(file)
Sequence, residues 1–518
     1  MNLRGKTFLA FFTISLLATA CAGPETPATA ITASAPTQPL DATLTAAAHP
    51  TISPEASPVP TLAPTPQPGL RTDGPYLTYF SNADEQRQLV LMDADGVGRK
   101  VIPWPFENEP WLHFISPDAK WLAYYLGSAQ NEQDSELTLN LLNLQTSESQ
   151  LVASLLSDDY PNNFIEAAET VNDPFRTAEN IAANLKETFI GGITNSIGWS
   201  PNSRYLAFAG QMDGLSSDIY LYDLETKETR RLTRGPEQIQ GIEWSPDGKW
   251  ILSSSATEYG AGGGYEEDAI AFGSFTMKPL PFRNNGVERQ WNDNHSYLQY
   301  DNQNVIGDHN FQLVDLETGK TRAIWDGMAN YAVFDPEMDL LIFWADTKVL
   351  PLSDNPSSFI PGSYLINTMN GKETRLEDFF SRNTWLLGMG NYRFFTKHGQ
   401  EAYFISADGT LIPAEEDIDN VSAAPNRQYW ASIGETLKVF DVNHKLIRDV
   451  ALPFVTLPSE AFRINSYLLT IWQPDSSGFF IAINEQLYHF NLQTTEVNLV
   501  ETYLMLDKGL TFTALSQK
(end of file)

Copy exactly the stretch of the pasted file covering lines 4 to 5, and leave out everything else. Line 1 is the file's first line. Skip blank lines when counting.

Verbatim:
   101  VIPWPFENEP WLHFISPDAK WLAYYLGSAQ NEQDSELTLN LLNLQTSESQ
   151  LVASLLSDDY PNNFIEAAET VNDPFRTAEN IAANLKETFI GGITNSIGWS